A-Gas Managing Director John Ormerod with an overview of how mildly inflammable refrigerants are taking centre stage.
In our industry an ideal refrigerant would be non-toxic, non-flammable, energy efficient, have low installation and maintenance costs and have the right environmental credentials. But gone are the days when one class of refrigerant ticks all of these boxes.
HFCs meet four out of five of these demands but, as I am sure you are aware, they are under scrutiny for their impact on the environment. With few alternatives, we will have to start making compromises when it comes to selecting a refrigerant of choice.
Energy Efficiency at a Relatively Low Cost
Ammonia is an excellent energy efficient, natural refrigerant that ticks the cost effective box but on the downside it is highly toxic. Ammonia installations require external plant rooms and secondary systems are needed to make the refrigerant a practical alternative. That said, secondary Heat Transfer fluids, such as MEG and MPG, are readily available making this a viable option.
The Grey Area
HFOs are definitely starting to make their mark. They have a short atmospheric life and don’t contribute to global warming like HFCs. However, HFOs do take us into a grey area because they are mildly flammable.
With regard to working practices we will have to wait and see what comes out of the redrafting of the European Standard EN378 which I think will provide the certainty the industry is looking for on how to deal with mild flammability issues. Once that is completed engineers should fully understand the areas that HFOs can be used in.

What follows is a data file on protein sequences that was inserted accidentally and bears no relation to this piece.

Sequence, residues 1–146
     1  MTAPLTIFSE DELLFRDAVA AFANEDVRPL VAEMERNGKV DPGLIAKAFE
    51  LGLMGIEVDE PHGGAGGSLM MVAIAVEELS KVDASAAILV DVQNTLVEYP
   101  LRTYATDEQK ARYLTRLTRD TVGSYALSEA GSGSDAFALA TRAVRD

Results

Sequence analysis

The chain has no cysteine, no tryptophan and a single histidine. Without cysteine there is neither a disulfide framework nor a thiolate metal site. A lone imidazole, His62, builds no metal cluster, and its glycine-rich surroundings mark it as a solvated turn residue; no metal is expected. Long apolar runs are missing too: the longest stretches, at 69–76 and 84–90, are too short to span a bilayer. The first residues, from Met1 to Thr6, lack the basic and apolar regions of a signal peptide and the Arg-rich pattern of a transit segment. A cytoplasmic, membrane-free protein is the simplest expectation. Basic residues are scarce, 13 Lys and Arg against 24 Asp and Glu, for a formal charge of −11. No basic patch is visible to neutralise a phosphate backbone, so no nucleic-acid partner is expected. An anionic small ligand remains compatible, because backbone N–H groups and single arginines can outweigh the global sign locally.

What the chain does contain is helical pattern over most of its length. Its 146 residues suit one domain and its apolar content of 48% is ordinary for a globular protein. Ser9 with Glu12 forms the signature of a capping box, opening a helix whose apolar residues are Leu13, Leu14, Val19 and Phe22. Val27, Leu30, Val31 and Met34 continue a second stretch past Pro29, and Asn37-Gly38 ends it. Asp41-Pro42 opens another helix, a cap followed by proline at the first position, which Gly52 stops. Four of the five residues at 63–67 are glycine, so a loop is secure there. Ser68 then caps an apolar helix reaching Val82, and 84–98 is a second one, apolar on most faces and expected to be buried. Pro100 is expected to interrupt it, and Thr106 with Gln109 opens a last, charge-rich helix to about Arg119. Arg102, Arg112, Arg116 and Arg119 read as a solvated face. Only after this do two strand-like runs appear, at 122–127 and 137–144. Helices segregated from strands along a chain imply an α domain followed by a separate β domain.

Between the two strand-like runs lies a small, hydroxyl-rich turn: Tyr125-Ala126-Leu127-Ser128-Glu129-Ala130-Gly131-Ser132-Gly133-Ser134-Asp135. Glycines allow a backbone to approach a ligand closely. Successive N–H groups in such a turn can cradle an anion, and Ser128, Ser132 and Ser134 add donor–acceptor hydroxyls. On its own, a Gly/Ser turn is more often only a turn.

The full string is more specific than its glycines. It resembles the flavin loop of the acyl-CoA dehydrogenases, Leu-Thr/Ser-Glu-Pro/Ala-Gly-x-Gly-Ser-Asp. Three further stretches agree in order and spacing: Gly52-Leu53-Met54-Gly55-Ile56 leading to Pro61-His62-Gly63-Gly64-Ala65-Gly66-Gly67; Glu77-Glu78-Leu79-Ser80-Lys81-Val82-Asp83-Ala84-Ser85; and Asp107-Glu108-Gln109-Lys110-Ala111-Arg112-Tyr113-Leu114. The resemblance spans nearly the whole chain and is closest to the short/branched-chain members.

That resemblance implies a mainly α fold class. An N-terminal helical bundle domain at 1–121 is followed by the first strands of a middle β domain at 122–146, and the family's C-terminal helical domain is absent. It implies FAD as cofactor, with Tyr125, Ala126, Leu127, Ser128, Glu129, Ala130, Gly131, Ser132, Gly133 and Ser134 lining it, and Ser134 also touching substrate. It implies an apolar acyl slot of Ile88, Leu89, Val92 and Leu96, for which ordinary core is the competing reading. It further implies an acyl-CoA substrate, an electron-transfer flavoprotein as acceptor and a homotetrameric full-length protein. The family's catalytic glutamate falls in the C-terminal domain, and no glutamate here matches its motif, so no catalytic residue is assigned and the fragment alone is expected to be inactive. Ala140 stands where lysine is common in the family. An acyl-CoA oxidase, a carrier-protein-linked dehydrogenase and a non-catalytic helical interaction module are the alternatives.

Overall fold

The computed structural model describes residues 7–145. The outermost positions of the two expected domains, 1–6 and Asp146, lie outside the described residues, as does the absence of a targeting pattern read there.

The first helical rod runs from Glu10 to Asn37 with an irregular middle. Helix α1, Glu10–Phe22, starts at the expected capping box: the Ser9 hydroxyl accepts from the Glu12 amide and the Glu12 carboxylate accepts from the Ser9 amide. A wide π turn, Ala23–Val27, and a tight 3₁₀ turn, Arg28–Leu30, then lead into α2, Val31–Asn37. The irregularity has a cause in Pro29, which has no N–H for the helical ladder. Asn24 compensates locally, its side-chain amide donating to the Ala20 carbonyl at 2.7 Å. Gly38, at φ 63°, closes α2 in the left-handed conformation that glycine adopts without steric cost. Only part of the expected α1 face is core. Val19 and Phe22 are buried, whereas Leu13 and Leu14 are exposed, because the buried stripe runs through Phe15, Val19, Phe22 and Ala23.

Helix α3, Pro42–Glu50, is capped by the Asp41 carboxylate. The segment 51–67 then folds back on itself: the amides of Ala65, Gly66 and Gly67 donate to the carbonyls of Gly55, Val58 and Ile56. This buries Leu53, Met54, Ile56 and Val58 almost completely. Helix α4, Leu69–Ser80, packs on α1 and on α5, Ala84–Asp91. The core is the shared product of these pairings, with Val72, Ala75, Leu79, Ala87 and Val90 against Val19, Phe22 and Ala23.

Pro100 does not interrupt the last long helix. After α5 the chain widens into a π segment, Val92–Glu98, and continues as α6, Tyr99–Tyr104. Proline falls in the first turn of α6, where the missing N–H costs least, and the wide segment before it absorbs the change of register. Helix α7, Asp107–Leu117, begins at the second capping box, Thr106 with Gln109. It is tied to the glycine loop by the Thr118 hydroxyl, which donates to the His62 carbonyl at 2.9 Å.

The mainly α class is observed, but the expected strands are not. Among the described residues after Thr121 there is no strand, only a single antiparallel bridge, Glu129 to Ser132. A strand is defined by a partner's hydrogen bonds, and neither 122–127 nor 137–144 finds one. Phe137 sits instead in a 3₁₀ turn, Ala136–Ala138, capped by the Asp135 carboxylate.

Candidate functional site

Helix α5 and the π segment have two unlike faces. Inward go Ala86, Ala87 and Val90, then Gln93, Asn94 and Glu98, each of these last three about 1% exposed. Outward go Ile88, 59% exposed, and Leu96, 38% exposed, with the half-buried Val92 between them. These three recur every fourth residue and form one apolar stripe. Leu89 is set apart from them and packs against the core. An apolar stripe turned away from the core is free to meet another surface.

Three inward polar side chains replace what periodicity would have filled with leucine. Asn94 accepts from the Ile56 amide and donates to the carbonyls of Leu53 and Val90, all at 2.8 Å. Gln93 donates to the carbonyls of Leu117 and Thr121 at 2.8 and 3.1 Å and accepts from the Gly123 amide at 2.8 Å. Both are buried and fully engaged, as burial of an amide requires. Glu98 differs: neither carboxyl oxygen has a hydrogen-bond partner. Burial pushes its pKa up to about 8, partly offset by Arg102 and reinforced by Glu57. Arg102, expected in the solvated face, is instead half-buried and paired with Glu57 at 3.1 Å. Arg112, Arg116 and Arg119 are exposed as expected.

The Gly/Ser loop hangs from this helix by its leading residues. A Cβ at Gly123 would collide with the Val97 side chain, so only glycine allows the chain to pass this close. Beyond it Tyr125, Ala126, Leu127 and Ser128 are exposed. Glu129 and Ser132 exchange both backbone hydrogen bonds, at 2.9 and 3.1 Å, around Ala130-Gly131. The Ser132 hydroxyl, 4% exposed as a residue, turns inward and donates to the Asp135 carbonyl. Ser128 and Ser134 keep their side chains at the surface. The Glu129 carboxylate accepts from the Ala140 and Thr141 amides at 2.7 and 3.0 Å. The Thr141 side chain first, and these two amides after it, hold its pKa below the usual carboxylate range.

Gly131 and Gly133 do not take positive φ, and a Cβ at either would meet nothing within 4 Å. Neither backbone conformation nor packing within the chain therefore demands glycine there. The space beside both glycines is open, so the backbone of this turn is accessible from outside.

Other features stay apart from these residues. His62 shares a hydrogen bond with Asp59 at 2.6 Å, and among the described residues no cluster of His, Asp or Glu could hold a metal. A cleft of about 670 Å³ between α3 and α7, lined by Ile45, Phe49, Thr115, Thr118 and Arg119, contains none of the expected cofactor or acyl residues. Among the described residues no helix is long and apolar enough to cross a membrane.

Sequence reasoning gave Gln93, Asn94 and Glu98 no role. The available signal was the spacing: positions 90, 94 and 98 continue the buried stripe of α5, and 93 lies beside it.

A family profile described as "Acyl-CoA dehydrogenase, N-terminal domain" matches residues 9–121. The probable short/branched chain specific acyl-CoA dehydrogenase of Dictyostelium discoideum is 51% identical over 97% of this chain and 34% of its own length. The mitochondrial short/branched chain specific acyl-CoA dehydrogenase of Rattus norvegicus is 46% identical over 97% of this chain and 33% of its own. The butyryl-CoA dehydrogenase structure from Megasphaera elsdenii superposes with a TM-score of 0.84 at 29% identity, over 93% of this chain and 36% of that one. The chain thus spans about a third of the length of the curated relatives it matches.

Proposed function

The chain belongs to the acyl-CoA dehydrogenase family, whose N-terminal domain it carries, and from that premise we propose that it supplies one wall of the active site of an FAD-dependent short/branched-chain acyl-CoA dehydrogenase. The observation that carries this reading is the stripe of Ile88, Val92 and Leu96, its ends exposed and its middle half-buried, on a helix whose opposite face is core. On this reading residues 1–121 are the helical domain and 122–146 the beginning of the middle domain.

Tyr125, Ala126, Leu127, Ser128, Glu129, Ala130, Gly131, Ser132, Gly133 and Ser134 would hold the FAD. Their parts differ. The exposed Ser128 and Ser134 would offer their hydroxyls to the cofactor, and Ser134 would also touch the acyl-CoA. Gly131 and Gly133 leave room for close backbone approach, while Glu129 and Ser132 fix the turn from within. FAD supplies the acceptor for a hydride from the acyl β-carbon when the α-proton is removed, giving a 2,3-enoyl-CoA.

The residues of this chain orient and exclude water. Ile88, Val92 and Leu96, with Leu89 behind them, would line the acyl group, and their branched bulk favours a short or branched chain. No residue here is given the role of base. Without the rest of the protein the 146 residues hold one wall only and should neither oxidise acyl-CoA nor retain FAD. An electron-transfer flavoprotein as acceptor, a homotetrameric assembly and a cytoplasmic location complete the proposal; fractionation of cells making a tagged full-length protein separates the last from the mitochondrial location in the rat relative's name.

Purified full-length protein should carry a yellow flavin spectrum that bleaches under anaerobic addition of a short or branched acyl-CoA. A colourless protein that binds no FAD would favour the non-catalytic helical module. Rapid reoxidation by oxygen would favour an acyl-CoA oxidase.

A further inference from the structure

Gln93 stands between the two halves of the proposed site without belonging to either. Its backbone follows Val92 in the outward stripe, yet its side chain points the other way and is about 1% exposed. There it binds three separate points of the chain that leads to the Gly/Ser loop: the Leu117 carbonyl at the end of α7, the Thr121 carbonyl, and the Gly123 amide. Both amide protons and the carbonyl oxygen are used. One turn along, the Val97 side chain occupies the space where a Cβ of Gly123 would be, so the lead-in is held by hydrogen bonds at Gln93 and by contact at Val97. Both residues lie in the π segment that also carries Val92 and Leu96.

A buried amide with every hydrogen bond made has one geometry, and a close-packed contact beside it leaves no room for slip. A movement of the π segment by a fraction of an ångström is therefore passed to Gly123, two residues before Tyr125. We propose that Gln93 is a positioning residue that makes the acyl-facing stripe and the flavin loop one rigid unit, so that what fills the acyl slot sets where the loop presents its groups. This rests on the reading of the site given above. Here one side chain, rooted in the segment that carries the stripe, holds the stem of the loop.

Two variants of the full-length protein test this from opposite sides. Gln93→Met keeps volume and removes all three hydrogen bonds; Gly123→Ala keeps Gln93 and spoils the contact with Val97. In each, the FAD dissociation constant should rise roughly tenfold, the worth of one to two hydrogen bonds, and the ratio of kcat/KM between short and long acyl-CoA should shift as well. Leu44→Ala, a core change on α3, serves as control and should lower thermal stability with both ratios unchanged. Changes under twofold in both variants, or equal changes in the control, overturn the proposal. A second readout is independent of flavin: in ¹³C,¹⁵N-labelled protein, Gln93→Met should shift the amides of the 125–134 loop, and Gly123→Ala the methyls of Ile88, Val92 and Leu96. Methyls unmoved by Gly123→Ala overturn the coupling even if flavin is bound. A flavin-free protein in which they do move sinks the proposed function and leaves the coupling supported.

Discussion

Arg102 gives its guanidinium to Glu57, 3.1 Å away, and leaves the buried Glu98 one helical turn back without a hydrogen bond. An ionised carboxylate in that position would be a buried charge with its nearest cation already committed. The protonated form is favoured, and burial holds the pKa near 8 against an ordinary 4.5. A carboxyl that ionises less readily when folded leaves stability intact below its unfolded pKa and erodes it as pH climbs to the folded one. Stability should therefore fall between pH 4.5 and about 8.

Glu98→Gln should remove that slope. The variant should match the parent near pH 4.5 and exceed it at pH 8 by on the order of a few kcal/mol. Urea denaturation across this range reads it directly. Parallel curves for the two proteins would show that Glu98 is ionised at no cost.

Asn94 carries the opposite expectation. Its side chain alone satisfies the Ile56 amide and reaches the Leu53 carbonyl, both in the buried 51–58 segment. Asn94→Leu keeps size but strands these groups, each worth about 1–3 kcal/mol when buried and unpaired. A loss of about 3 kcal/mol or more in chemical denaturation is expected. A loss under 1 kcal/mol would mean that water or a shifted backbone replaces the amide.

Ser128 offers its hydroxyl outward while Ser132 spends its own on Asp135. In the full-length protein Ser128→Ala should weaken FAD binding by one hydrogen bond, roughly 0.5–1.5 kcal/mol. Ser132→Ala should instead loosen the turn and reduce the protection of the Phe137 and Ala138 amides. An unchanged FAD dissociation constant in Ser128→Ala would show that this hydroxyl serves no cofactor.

"HFOs do take us into a grey area because they are mildly flammable."
R1234ze won’t be suitable as a drop-in for systems because of the volumetric capacity but for new systems it is a good energy efficient option.
The Boiling Point Issue
As a result HFOs blends are emerging which do offer a practical alternative to high GWP refrigerants. The Solstice L40X (R455A) refrigerant from Honeywell is an ultra low GWP R404A replacement scheduled to be commercially available later in the year. This hybrid mixture contains R32 and CO2 and is classified as a mildly flammable gas. R455A matches the capacity of R404a and has the same or better efficiency. Solstice L40X is a refrigerant to keep an eye on.
Some supermarkets are already testing HFOs to gain an understanding of the mixtures involved and how they perform. A number of chiller manufacturers have incorporated R1234ze as a standard refrigerant in some of their equipment and there have been good reviews on this application. This could be an another area where HFOs will make their mark in the industry.